From Albright Grove it's another 4 miles to the top end of the Maddron Bald trail.  The trail climbs the side of one ridge, then continuously rises in and out along of a couple more ridges until it reaches Backcountry Campsite #29 at Otter Creek, about 2.5 miles above Albright Grove.  This campsite sits on a narrow shelf right along Otter Creek.  It has 2 fire rings and 2 sets of bear cables, but not very many flat spots for tents.  

Backcountry Campsite #29

Backcountry Campsite #29.  Looking up from the bottom toward the trail.
From campsite #29 the Maddron Bald trail turns north and climbs the flank of Maddron Bald itself.  It's about 1.5 miles from #29 to the trail terminus.  The first part of this section is a ridge-side climb that affords some nice views back down into the valley that you have just climbed up through.  The high-elevation trees were coated with rime ice that made a beautiful contrast with the evergreens.

Trees covered in rime ice at high elevation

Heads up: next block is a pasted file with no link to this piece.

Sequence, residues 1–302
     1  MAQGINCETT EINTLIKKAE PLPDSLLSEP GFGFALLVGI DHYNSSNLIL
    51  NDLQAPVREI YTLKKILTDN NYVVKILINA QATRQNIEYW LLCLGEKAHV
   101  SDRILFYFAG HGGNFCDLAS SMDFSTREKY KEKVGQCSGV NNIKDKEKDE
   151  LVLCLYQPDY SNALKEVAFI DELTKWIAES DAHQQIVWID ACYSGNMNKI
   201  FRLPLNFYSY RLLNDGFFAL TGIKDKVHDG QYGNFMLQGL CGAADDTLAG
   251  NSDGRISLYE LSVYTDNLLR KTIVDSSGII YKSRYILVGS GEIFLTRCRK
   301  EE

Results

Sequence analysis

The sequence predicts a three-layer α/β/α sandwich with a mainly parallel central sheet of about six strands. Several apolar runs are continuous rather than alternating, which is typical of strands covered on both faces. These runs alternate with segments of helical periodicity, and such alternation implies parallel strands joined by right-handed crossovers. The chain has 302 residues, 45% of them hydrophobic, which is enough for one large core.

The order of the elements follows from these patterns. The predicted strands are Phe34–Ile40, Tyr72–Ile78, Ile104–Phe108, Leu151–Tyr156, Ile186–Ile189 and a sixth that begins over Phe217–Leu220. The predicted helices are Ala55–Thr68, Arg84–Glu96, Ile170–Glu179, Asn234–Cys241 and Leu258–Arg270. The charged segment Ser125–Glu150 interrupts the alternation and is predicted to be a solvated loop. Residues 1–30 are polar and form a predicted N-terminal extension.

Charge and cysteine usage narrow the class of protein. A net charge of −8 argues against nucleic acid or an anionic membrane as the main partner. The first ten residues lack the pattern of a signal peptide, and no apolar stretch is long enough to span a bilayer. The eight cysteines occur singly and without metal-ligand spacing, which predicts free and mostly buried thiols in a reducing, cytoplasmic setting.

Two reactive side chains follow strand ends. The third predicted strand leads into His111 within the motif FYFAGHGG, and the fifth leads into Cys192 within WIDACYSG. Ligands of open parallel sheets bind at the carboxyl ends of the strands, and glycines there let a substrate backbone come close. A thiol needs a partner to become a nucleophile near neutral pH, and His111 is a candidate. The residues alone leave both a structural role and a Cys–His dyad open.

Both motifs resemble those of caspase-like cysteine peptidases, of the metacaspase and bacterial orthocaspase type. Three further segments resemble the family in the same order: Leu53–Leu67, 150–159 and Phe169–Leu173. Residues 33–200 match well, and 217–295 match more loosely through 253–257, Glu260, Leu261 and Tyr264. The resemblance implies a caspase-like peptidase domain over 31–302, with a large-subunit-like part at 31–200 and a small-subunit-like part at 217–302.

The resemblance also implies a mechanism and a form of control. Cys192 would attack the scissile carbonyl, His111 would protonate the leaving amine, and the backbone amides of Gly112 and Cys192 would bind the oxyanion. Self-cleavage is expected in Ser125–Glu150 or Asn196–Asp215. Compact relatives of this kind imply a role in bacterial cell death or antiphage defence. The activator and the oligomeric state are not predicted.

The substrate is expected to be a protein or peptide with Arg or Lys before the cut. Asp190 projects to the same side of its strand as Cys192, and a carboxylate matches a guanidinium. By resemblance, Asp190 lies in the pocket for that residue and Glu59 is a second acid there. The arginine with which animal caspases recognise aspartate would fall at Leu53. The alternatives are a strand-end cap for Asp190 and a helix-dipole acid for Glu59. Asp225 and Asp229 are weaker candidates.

The trail then reaches the summit ridge of Maddron Bald and traverses that ridge on its way over to the junction with the Snake Den Ridge trail.  Maddron Bald is a heath bald, much like Brushy Mountain.  The top of the ridge has few tall trees, but is covered with Rhododendron, Mountain Laurel and Sand Myrtle, and the trail is deeply rutted into the earth.  This section of the trail is reasonably level, and then even drops off just a bit as it comes off of Maddron Bald and heads over to the end of the trail.  There are several spots with lovely views along the top of Maddron Bald.  The trail ends at its junction with Snake Den Ridge trail, just 0.7 miles below the Appalachian Trail.  I stopped here, glad to be done with the climbing for the day and ate some lunch.  But I didn't stay long - it was too cold!  My little thermometer said 15 degrees.  I stayed just about 15 minutes to eat, drink and rest, and then turned and headed back down.